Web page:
By Ann Saphir

SAN FRANCISCO (Reuters) - U.S. employers have been adding enough jobs over the last six months to put the economy on track to full employment by the end of this year, but that prospect alone is unlikely to get the Federal Reserve to step on the brakes with interest-rate hikes.

A team of researchers at the Chicago Fed, headed by Dan Aaronson, estimated in April that the U.S. economy was about a million jobs shy of the Fed's full employment goal.

June's outsize jobs gain, reported Friday, lifts the average monthly jobs increase over the past 6 months to 172,000. While that's a step down from the 200,000 or more jobs added monthly last year, it still well outpaces the 50,000 new jobs a month needed to accommodate population growth, based on Aaronson's estimate. That puts the economy on pace to reach full employment by December.

But Fed officials have already suggested that uncertainty over the global impact of Britain's intended withdrawal from the European Union will keep them on policy hold for the time being.

Wall Street's top banks unanimously expect the Fed to leave interest rates unchanged at their next two meetings in July and September and are almost evenly split over whether there will be a rate rise by year end, a Reuters poll on Friday showed.

Stubbornly low inflation, and hints that inflation expectations have dropped, also has policymakers inclined to wait. The Fed targets 2-percent inflation but, while underlying measures of inflation have firmed in recent months, most measures suggest it still has some ways to go. [L1N19F16Q]

"I want to be more convinced that the underlying rate of inflation is around 2 percent," Fed Governor Daniel Tarullo said in Washington this week.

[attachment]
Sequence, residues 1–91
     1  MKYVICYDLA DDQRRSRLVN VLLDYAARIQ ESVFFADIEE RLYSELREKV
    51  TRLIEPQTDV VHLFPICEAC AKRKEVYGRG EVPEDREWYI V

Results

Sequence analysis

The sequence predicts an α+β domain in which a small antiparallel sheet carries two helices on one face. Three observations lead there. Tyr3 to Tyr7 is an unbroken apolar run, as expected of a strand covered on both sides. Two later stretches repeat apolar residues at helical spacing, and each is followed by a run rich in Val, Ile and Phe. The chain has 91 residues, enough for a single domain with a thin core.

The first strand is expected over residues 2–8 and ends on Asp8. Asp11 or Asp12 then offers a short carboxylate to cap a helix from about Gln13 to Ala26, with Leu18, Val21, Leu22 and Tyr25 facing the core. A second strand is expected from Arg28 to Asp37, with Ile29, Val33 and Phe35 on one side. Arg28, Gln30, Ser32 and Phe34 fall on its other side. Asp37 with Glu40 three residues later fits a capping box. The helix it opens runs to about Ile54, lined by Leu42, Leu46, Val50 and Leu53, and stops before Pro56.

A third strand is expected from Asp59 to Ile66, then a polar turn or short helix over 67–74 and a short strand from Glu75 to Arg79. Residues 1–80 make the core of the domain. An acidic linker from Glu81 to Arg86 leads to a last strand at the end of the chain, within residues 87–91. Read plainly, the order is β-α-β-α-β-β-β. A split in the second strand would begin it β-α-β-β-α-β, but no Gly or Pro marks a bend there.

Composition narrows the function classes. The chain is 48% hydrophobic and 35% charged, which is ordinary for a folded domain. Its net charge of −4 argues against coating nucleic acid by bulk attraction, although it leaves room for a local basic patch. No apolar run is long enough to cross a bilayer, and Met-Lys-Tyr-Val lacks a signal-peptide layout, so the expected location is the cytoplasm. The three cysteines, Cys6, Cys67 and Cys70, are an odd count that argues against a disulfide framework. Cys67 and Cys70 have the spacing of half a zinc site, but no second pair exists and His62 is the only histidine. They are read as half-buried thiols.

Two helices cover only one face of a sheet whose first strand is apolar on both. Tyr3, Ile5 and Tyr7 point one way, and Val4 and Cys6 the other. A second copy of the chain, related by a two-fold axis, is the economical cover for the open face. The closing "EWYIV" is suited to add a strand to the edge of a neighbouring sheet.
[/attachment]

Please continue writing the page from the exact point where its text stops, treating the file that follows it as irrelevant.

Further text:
The 12-month average of the Dallas Fed’s trimmed mean PCE inflation rate, which some Fed officials follow as a measure of underlying inflation, registered 1.8 percent in May.

Measures of inflation expectations, seen as key to future actual inflation, have fallen. A market measure of bond investors' 10-year inflation outlook, known as the 5-year, 5-year forward inflation breakeven rate, fell to 1.45 percent earlier this week, down from a recent peak of 1.8 percent on April 29.

Friday's jobs report offered little cheer on the inflation front, with hourly wages rising only 2 cents in June, far less than could be expected if labor markets were tightening enough to begin pushing upwards on overall prices.

"We'd like to see a little more inflation," New York Fed President William Dudley said on Tuesday when speaking with employers and bankers in Binghamton, New York. "But we don't want inflation without wage gains."

History shows that the Fed has typically allowed the unemployment rate to dip below what is seen as a sustainable level during expansions. This would allow the labor market to tighten further and could provide the extra oomph needed to lift prices higher.

Traders are betting as much. Even after the strong June jobs report they see a less-than-even chance of even one rate hike before next June, based on futures tied to the Fed's policy rate.

Forecasts from Fed officials also suggest history will repeat. Unemployment ticked up to 4.9 percent in June, Friday's report showed. Fed forecasts from last month show policymakers expect unemployment to be below that level, which they see as sustainable in the long run, until 2018.

(With reporting by Jonathan Spicer, Lindsay Dunsmuir, Richard Leong and Lucia Mutikani; Editing by Chizu Nomiyama)